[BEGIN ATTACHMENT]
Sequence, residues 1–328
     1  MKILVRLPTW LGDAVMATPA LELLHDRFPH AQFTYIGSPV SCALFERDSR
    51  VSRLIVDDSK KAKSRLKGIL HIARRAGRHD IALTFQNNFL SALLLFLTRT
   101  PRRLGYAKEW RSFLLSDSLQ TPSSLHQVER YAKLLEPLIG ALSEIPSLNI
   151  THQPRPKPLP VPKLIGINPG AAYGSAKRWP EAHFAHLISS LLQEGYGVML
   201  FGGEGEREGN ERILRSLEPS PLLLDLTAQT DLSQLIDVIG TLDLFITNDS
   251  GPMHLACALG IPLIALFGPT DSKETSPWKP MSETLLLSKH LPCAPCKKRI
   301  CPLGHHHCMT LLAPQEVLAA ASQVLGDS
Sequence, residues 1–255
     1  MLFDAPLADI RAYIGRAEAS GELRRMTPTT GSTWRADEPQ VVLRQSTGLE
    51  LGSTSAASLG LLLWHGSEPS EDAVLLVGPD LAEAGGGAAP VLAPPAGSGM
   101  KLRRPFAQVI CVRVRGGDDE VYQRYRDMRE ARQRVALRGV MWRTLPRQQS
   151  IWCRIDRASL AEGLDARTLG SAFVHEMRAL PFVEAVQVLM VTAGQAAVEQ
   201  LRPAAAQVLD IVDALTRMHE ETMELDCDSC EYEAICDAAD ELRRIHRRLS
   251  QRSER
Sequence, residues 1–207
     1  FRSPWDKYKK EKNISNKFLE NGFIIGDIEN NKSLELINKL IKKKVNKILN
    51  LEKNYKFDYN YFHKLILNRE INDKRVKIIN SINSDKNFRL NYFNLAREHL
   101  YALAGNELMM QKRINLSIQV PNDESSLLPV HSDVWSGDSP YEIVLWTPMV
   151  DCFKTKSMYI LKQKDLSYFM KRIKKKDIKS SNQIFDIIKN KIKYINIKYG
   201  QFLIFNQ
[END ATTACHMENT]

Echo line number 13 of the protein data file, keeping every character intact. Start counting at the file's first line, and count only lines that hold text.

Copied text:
   151  IWCRIDRASL AEGLDARTLG SAFVHEMRAL PFVEAVQVLM VTAGQAAVEQ